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RUMBLES - September 2015

management pipeline As utilities across the country, includ-ing the Rocky Mountain region, look to create more comprehensive inventories of their water and wastewater systems, robust technology platforms like the one implemented in DeKalb County, Georgia, are becoming fundamental to smart utility management. To combat sewer overflows, the DeKalb County Department of Watershed Man-agement needed to create hydraulic models for its sanitary collections system, with updated location and condition data associated with each asset. However, locating and inspecting 60,000 manholes was no easy feat, especially given the limitations of traditional asset manage-ment systems. That’s why consultants for this Atlanta-area utility abandoned paper in favor of cutting-edge mobile technol-ogy— and they haven’t looked back. Brown and Caldwell (BC) adopted an innovative approach that uses a mobile application for smart phones and tab-lets to locate sewer manholes, create a 26 | RUMBLES SEPTEMBER 2015 Streamlined Management of Underground Assets Moving to the Cloud Cuts Utility Data Collection by 30% By Elton DeSouza and Sean Kilpatrick, P.E. comprehensive inventory, and survey all manhole assets. All of the data is stored in the cloud—remote servers accessible via the Internet—and used to develop a geodatabase and comprehensive geographical information system (GIS) map (Figure 1). In just the past decade, technology like this has decreased tremendously in cost and increased in effectiveness, making it an ideal choice for water and wastewater utilities across the country. Guesswork and Paper Trails Before the switch to mobile technology, historical data from record drawings was gathered into geographic information systems (GIS) and exported to paper map books. Inspection crews relied on these bulky binders when attempting to locate structures, recording 70 aspects of condi-tion information on paper and snapping photos with digital cameras. Crews were followed by a second team of surveyors, both conventional and equipped with global positioning systems (GPSs), who detailed the precise locations and rim elevations of identified structures. Areas that had been redeveloped or contained new structures proved problematic, and the entire process was prone to delays. In short, project workflows were large, com-plex, and overdue for modernization. Making the Switch With the implementation of an advanced mobile technology platform, locating Workers in DeKalb County, Georgia manually inspect one of its 60,000 manholes. Figure 1. A mobile map interface displaying interactive data points.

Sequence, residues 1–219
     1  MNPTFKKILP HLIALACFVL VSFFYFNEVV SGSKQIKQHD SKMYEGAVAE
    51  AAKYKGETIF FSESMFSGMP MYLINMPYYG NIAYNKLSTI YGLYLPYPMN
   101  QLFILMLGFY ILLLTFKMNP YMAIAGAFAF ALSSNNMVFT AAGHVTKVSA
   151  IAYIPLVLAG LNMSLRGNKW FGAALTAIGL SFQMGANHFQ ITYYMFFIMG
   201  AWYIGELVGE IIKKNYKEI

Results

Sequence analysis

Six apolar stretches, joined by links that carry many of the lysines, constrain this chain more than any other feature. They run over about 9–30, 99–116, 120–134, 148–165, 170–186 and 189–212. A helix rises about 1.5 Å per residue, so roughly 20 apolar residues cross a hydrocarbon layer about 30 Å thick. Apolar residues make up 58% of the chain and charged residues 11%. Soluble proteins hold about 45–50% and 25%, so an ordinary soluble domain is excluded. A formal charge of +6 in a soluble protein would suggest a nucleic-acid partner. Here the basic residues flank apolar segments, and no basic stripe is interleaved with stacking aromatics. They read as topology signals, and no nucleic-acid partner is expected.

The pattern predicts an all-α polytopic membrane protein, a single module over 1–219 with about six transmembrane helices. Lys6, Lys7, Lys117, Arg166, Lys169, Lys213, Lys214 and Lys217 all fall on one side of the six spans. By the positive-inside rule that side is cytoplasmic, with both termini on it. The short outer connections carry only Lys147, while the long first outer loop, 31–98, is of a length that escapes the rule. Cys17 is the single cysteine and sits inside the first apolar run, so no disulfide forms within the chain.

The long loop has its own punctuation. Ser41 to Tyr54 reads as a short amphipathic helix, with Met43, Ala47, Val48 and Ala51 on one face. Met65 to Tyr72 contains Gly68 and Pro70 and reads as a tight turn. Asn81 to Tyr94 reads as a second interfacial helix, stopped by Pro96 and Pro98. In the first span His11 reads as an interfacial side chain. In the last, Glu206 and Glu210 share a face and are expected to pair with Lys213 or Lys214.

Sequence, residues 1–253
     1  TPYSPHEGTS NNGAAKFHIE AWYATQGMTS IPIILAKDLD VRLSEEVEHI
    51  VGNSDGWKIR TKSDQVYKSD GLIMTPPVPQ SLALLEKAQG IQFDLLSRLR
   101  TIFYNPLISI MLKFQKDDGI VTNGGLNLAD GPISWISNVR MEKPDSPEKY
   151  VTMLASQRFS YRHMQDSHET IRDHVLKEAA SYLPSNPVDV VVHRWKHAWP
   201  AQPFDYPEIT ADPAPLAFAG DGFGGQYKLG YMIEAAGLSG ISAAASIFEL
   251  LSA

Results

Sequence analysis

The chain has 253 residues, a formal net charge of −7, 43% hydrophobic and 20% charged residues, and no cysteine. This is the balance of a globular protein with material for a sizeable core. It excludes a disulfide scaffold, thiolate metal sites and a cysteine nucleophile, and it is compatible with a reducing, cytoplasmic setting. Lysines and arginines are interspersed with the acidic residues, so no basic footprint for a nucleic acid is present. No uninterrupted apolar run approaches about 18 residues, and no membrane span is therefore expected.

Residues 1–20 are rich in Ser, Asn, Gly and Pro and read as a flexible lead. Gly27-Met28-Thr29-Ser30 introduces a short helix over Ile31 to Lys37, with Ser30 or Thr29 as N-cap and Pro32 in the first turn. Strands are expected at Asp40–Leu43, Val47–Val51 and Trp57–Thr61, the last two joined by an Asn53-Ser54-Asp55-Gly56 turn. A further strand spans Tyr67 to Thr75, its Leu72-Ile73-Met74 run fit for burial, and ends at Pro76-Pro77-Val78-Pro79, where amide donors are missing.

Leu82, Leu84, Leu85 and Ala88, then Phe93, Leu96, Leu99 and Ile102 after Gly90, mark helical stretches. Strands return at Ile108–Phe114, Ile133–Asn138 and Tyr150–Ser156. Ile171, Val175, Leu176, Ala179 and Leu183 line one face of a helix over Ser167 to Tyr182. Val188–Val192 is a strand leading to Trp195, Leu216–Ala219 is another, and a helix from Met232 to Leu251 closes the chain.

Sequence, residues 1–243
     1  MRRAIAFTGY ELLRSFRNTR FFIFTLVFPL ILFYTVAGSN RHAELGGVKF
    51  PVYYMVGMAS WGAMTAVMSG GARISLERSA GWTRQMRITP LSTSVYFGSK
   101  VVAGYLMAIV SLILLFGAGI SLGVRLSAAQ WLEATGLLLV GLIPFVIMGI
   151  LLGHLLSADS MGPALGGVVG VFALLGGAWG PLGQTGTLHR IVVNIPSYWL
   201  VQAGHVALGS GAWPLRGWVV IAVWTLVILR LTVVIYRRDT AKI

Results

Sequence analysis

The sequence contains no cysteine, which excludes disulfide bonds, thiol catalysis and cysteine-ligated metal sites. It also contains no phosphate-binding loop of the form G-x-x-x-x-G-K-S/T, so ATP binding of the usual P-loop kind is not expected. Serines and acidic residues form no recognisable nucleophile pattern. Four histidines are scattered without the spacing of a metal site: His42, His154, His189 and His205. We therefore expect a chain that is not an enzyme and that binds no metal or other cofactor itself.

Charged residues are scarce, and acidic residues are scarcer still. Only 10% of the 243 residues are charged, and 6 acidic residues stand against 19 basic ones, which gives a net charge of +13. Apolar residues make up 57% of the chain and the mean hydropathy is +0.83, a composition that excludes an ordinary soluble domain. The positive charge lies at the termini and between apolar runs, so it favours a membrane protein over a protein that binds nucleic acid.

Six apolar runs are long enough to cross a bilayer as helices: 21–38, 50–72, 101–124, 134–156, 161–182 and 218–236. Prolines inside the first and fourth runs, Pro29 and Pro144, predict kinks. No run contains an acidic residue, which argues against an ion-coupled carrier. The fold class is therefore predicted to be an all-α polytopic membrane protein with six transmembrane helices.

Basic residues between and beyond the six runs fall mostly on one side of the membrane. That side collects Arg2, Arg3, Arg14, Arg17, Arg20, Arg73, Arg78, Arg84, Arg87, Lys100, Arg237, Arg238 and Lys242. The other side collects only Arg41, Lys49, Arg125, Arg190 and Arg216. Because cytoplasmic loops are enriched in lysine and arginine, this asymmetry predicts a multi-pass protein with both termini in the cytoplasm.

RUMBLES - September 2015
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